Agile and UX are not natural bedfellows. Agile is fast-paced, focused on micro-processes and developer-driven. UX, on the other hand can be more time consuming, considers the big picture (i.e. what are users’ goals and can they achieve them) and is externally driven by users.
The best made plans are based on a foundation of user evidence. By understanding what your users want, how they want it and where they go to get it you will more effectively be able to meet their needs.
As we look toward 2021 and, hopefully, the opportunities that await us there, we share some of the ways you could incorporate user insights into your plans.
A number of years ago, I was returning a hire car to Geneva airport and had to fill it with fuel before leaving it. At the petrol station I got out and tried to open the filler flap but could not see how to do this. Assuming there was a release button inside the car I got back in and started hunting around. I looked in all the usual places but without success.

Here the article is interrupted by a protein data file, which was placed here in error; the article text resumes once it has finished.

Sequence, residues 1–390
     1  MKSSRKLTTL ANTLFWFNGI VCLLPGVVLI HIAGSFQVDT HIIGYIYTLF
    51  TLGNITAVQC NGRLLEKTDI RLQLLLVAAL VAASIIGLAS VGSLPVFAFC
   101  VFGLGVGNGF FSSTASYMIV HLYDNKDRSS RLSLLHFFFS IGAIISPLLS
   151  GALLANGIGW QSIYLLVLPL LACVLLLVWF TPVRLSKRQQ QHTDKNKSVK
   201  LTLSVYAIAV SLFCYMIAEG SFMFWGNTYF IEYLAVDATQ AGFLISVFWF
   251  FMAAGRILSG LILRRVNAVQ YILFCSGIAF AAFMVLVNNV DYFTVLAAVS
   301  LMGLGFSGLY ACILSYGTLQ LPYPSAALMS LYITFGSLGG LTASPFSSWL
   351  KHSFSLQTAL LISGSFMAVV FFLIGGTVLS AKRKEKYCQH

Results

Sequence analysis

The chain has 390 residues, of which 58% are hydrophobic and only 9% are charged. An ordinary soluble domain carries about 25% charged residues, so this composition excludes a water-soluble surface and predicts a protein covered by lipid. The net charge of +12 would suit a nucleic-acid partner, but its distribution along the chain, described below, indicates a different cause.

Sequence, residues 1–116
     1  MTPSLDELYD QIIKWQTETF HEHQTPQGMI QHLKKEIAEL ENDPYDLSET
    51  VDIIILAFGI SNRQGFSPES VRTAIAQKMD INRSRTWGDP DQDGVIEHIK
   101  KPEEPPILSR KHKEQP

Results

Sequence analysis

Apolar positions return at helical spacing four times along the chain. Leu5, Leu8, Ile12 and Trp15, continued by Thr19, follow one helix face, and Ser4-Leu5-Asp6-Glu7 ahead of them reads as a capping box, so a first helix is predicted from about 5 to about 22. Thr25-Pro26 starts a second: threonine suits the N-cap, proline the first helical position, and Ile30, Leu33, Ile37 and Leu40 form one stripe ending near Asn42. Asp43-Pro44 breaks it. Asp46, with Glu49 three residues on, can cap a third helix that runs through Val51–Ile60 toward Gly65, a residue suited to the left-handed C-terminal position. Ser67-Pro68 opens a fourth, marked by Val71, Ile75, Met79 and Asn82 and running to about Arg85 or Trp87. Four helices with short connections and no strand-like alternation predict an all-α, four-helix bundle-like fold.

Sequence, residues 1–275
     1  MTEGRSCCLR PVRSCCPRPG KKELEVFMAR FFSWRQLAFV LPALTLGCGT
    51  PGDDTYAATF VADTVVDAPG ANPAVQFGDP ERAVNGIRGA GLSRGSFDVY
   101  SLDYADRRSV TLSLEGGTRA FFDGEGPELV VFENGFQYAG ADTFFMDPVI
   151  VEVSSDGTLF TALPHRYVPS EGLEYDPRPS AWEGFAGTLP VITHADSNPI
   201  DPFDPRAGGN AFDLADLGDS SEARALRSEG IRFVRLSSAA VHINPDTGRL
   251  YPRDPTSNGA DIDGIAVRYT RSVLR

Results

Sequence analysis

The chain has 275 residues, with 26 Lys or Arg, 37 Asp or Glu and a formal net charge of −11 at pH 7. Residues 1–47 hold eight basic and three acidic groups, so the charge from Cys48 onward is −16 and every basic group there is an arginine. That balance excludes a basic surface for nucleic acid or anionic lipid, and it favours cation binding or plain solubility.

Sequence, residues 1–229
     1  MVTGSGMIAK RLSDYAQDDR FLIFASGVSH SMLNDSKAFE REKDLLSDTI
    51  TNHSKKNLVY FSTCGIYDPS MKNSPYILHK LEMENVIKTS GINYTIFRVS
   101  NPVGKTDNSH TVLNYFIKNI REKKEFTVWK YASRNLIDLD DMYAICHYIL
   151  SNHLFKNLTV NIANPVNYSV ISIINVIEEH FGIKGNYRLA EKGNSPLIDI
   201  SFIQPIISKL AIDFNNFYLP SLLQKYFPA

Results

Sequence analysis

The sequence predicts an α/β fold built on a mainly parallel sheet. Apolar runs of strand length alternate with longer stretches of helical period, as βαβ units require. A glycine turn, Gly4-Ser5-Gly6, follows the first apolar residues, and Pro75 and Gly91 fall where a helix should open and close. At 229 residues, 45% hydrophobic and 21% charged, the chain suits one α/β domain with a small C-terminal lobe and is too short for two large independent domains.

One of the biggest challenges of user research is getting the wider organisation to buy in to the work you are doing.
Back in the day, before April 2011, before the Government Digital Service was launched, public sector websites were pretty much awful.
Discovery user research is a method of identifying user goals, motivations and frustrations. It is the first step we recommend to anyone embarking on a new website build:
A couple of weeks ago, Google announced a forthcoming update to its search algorithm. Although not coming into effect until 2021, there are some important aspects that digital teams should be considering now.